Paul Heinz

Original Fiction, Music and Essays

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Rocketman Review

Right off the heels of Bohemian Rhapsody (which I still have not seen), director Dexter Fletcher along with screenwriter Lee Hall attempt to tell the tale of Elton John, a man who needs no introduction but whose life on screen is a mere shadow of the real life lived.  Biopics of musicians are tricky territory for film, as fans often walk away pointing out all of the errors of the story, while non-fans walk away with just snippets of the whole.  Although Rocketman falters partly because of anachronisms (and there are many), its real downfall is its inconsistent story-telling technique and its failure to capture the essence of the man being portrayed.

It starts off oh so promisingly, with a beaten down John admitting himself into rehab and addressing his younger self, who unexpectedly belts out “The Bitch Is Back” before transporting both Eltons to the streets of 1940s London, with gloriously saturated colors and a gaggle of dancers accompanying the song.  While witnessing this opening number, I think – okay, we’re in for a fanciful ride of rehabbing Elton looking back on glimpses of his life, out of order, grand, exaggerated, and accompanied by one of the finest musical oeuvres of the 20th Century.   I’m all in.

But the story devolves quickly into a very chronological and predictable narration of Elton’s broken life that betrays the promising start to the film.  We’re introduced to John’s uninterested father, his inconsistent mother and his supportive grandmother, and while there is some pain portrayed for sure, none of it is so terribly traumatic that it explains what happens later in John’s life – when his addictions manifest themselves into massively self-destructive acts.   By the time he auditions for music publisher Dick James, pounding out snippets of songs not composed until the 1980s (“I Guess That’s Why They Call It The Blues” and “Sad Songs”) the movie has lost all credibility: it’s neither a fanciful dreamlike whirlwind nor is it an accurate narrative.  Instead, it vacillates between a very boring and inaccurate portrayal of Elton’s real life and jarring dreamlike scenes that bear no relation to what’s preceded them.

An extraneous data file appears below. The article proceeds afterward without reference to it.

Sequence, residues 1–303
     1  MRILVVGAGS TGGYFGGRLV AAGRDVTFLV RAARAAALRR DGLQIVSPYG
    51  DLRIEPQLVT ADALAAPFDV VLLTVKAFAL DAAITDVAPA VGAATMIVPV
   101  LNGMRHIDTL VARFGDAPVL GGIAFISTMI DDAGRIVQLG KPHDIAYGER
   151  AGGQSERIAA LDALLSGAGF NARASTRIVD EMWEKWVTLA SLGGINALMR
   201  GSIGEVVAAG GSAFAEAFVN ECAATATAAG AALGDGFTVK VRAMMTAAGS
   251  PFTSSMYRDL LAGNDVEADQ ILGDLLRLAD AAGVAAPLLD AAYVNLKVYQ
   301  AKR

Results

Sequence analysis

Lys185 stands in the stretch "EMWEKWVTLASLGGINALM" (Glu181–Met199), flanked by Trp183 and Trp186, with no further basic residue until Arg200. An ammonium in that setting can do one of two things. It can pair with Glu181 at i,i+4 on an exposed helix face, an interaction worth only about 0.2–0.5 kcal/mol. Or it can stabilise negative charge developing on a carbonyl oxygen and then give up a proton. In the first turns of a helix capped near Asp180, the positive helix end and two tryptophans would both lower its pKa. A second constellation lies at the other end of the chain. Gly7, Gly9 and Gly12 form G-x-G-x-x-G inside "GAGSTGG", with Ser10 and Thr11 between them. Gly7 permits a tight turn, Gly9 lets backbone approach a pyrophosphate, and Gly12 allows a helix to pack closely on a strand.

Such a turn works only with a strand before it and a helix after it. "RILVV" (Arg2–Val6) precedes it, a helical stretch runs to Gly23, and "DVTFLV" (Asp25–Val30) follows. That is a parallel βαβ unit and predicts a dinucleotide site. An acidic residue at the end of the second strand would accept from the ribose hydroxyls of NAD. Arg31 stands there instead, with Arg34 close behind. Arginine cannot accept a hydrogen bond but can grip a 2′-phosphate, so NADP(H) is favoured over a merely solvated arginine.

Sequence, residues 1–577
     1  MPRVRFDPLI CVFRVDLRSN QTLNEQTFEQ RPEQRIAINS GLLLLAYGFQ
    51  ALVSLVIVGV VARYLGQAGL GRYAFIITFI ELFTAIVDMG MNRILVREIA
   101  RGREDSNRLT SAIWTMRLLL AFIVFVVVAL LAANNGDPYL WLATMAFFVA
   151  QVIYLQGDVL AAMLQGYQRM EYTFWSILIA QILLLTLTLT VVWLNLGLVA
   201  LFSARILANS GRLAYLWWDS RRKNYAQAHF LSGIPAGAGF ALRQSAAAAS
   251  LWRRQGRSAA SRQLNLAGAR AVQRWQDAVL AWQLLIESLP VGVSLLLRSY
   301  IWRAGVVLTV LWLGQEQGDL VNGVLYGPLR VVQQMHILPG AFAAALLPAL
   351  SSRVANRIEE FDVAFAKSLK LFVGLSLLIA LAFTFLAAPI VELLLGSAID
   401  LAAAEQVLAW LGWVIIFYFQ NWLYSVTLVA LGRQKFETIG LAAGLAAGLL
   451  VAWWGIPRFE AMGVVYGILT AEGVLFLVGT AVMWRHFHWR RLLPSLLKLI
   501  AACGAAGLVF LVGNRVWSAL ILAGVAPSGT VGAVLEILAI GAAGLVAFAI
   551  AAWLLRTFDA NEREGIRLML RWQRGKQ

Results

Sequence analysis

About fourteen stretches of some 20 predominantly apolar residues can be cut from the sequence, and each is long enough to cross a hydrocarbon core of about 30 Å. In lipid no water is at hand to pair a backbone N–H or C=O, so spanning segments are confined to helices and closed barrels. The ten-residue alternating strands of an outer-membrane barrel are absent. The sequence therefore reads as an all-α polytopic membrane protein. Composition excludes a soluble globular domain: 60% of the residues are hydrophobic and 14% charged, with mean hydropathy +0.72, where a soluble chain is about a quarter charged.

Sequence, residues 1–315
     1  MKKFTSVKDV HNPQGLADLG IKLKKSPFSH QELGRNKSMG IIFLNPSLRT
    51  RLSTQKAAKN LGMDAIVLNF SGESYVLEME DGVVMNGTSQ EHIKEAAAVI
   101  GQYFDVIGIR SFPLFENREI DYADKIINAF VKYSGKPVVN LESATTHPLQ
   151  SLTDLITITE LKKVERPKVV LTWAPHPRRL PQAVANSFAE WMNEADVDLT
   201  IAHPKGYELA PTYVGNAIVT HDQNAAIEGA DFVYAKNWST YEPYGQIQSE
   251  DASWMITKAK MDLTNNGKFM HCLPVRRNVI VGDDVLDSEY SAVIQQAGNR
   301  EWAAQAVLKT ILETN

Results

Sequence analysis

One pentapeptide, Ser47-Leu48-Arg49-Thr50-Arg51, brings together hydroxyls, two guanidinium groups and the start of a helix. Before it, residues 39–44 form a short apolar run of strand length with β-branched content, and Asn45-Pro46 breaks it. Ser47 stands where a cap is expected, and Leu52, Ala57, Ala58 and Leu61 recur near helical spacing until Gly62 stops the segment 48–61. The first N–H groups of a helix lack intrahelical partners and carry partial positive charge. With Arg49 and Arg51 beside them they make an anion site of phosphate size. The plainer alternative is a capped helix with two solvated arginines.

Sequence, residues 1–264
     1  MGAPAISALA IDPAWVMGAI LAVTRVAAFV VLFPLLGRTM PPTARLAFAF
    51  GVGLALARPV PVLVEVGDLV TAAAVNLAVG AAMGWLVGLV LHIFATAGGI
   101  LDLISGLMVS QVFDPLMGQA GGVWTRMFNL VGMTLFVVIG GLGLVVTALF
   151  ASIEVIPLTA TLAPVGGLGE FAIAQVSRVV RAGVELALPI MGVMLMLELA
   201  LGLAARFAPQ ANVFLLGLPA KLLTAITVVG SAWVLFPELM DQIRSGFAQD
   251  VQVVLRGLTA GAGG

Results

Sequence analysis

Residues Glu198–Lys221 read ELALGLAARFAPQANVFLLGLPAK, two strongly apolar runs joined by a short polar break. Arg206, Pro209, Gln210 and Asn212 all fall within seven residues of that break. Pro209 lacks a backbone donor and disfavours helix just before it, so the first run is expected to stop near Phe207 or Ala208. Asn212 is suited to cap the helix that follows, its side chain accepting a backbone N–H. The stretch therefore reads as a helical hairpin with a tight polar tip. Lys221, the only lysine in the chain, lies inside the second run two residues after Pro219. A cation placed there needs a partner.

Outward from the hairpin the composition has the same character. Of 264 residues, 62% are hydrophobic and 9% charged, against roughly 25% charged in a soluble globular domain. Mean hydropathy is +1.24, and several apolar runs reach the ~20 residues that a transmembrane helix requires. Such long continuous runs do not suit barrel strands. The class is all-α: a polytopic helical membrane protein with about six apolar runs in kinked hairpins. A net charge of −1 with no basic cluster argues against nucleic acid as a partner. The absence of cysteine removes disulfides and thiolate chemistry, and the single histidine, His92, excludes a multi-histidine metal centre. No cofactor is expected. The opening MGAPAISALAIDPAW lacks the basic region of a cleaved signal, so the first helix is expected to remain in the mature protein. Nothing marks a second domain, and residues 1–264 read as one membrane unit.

More troubling is the lack of joy portrayed in the film.  Yes, the story is coming from the viewpoint of Elton at his lowest point in life, but to deny this character the sheer elation he experienced in the 1970s is to deny the man his due.  The now-sober Elton has admitted many times that he had a blast during the 70s, despite – or perhaps because of – his self-destructive tendencies.  In the film, he’s always somber, always self-conscious, always struggling, so that the scene at the Troubadour in Los Angeles, where Elton is first discovered by American audiences and where he and his nameless band levitate during their performance, utterly falls flat.  It should have been electric.  Near the film’s end, Elton tells his mother, “I’ve fucked everything that moves.  I’ve taken every drug known to man. All of them. And I’ve enjoyed every minute of it.” The audience would be correct to cock their heads in confusion and utter, “Huh?”  We didn’t get to see Elton enjoy a second of it, and the only thing Elton John fucks on film is his manager John Reid.

And why on earth is the band nameless?   Throughout John’s heyday, his bandmates Davey Johnstone, Dee Murray and Nigel Olsson were essential.  There are no scenes showing their camaraderie.  No scenes where the musicians bring the songs to life, making brilliant recordings at the Chateau d'Hérouville in France.  No scene of them appearing at Madison Square Garden on Thanksgiving Day in 1974 with none other than John Lennon in what was to be his last live performance.  Not everything could be included – I get it – but some part of their glorious ride should have been depicted.

I found it particularly funny that in the scene in which John fleas to rehab, they show the Twin Towers among the New York Skyline, as if that historical accuracy was essential, but not the fact that John went to rehab in Chicago.  Look, you can play with facts in films.  I get it.  Artistic license is important (just ask Oliver Stone), but why work so hard on irrelevant facts and not at all on others that Elton John fans will deem essential?  You want Elton to sing “I’m Still Standing” after rehab instead of eight years before, that’s cool with me, because the lyrics of the song support the scene.  But what is gained by making the band a four-piece instead of a three-piece at the Troubadour, or having Elton play “Crocodile Rock” three years before its release?  If you’re going for fantasy, go all in.  If you’re going for a realistic biopic, stick to as many facts as you can. 

The film does shine in a few different ways besides the opening scene.  Taron Egerton is terrific, and he looks enough like John to pull off the ruse.  He also sings the material, which is impressive.  I also love the use of John’s musical themes in the orchestral score, sometimes very subtly.  And the scene of John playing ”Pinball Wizard” while rotating between costumes, signifying not only the passage of time but his rise to superstardom, work extremely well.

Unfortunately, little else about the film does.

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